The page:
Acknowledgements We would like to acknowledge our colleague Henryk Mach, who recently passed away, for his invaluable contributions to the field of β decay and fast-timing spectroscopy. We appreciate not only his outstanding scientific work, but also his tireless effort as our mentor. He will be sorely missed. Fast-timing detectors and electronics were provided by the Fast Timing Collaboration. This work was supported in part by the Spanish MINECO through the FPA2013-41467-P, FPA2015-64969-P, and FPA2015-65035-P projects, Grupo de F´ısica Nuclear (GFN) at UCM and by the NuPNET network FATIMA via the PRI-PIMNUP-2011-1338 project. Support by the European Union Sixth Framework Programme through RII3-EURONS (Contract No. 506065) is acknowledged.
    • 23/2016. T. Eronen, A. Kankainen, J. Äystö: Ion traps in nuclear physics—Recent results and achievements Published 1 November 2016
      T. Eronen, A. Kankainen, J. Äystö
      Progress in Particle and Nuclear Physics 91, 259-293 (2016)
      DOI: 10.1016/j.ppnp.2016.08.001
      Abstract Ion traps offer a way to determine nuclear binding energies through atomic mass measurements with a high accuracy and they are routinely used to provide isotopically or even isomerically pure beams of short-living ions for post-trap decay spectroscopy experiments. In this review, different ion-trapping techniques and progresses in recent nuclear physics experiments employing low-energy ion traps are discussed. The main focus in this review is on the benefit of recent high accuracy mass measurements to solve some key problems in physics related to nuclear structure, nuclear astrophysics as well as neutrinos. Also, several cases of decay spectroscopy experiments utilizing trap-purified ion samples are summarized.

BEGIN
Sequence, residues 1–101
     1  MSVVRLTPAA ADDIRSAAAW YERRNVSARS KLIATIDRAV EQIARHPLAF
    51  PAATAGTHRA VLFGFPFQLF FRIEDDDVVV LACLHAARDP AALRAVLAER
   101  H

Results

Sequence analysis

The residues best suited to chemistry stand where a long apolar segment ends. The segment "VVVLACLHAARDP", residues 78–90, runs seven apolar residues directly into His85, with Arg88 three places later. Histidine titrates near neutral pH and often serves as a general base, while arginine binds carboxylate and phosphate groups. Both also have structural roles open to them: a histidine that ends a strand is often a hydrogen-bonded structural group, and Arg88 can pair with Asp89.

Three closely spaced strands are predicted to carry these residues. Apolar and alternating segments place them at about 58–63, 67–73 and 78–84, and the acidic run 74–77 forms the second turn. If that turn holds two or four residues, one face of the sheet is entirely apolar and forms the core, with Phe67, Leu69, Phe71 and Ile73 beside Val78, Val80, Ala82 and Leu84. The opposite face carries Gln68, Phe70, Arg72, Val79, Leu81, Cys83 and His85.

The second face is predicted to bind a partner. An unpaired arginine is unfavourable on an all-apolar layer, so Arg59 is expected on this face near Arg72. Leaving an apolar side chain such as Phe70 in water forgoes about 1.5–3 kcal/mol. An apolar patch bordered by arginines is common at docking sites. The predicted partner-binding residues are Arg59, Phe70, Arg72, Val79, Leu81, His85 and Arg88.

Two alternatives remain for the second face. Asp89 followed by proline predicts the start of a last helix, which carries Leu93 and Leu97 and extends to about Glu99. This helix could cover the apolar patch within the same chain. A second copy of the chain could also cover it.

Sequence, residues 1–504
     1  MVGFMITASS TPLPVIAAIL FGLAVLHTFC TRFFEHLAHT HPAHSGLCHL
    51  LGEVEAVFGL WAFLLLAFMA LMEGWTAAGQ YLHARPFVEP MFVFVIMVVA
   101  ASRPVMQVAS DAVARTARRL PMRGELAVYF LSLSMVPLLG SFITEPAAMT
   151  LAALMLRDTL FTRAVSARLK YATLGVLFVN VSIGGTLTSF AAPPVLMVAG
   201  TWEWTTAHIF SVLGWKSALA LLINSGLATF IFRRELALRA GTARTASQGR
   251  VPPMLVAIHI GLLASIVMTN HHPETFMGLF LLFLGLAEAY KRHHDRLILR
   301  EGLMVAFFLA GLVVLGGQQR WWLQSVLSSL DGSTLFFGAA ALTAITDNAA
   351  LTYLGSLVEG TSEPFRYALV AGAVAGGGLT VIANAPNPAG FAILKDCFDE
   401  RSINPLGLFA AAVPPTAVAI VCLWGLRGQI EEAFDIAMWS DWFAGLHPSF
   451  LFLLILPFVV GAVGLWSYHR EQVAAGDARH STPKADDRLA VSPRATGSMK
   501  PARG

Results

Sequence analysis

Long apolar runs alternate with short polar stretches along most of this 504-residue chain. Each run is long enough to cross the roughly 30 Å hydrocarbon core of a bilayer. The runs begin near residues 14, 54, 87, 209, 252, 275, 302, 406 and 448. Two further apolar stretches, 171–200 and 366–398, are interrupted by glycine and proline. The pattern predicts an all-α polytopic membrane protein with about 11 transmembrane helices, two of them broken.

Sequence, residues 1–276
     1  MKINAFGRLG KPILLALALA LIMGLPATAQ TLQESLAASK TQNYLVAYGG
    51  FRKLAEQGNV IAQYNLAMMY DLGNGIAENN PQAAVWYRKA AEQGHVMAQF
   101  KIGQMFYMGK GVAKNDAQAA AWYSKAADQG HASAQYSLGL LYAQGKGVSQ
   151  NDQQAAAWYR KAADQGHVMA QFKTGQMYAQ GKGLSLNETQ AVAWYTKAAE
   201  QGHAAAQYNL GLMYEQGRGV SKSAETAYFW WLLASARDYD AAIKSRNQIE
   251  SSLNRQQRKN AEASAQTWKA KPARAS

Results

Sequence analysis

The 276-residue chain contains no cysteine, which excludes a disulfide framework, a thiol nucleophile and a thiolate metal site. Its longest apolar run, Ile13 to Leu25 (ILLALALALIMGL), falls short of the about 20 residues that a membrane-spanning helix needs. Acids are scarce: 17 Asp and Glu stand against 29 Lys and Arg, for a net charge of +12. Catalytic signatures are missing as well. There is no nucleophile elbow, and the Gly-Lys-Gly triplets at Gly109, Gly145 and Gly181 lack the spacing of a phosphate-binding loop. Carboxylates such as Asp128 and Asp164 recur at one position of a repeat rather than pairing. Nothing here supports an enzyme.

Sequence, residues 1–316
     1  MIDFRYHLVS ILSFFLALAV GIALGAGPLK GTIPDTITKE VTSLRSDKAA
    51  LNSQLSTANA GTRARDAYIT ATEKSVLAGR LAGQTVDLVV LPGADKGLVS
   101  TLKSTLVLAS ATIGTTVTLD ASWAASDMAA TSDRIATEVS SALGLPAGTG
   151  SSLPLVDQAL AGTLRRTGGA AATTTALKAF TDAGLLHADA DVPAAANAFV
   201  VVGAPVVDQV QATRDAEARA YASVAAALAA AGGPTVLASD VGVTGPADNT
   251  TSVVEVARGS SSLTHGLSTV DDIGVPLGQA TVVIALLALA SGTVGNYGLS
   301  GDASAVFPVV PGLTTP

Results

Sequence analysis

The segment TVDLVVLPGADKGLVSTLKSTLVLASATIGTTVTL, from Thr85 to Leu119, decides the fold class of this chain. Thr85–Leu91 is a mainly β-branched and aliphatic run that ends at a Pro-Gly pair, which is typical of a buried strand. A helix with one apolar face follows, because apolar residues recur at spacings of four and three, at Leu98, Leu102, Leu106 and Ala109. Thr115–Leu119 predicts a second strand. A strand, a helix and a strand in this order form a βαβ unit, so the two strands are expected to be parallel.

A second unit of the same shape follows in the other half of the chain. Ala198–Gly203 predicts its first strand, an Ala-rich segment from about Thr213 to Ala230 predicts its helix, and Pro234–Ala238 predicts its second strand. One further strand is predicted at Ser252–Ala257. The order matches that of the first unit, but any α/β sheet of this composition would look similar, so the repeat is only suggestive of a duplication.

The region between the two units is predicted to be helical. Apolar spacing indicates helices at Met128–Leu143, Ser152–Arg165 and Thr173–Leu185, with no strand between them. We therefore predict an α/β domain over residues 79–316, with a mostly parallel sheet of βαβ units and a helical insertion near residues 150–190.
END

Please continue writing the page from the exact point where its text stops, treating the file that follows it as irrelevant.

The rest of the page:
Acknowledgements The authors would like to thank Prof. Ari Jokinen for fruitful discussions. This work has been supported by the Academy of Finland under the Finnish Centre of Excellence Programme 2012–2017 (Nuclear and Accelerator Based Physics Research at JYFL). AK acknowledges the support from the Academy of Finland under Grant No. 275389.
    • 22/2016. P. Papadakis, et al.: Development of a low-energy radioactive ion beam facility for the MARA separator Published online 24 October 2016